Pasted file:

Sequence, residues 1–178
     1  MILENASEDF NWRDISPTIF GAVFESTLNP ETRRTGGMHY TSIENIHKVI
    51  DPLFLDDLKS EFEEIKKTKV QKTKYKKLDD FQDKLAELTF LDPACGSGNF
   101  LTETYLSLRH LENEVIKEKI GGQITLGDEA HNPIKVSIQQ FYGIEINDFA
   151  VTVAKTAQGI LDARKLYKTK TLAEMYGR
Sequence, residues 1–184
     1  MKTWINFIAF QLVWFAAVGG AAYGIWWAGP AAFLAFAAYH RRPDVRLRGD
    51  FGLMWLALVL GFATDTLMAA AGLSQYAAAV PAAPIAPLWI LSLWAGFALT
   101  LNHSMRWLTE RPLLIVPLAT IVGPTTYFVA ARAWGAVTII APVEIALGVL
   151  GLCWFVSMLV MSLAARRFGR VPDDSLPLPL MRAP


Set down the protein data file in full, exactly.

Sequence, residues 1–178
     1  MILENASEDF NWRDISPTIF GAVFESTLNP ETRRTGGMHY TSIENIHKVI
    51  DPLFLDDLKS EFEEIKKTKV QKTKYKKLDD FQDKLAELTF LDPACGSGNF
   101  LTETYLSLRH LENEVIKEKI GGQITLGDEA HNPIKVSIQQ FYGIEINDFA
   151  VTVAKTAQGI LDARKLYKTK TLAEMYGR
Sequence, residues 1–184
     1  MKTWINFIAF QLVWFAAVGG AAYGIWWAGP AAFLAFAAYH RRPDVRLRGD
    51  FGLMWLALVL GFATDTLMAA AGLSQYAAAV PAAPIAPLWI LSLWAGFALT
   101  LNHSMRWLTE RPLLIVPLAT IVGPTTYFVA ARAWGAVTII APVEIALGVL
   151  GLCWFVSMLV MSLAARRFGR VPDDSLPLPL MRAP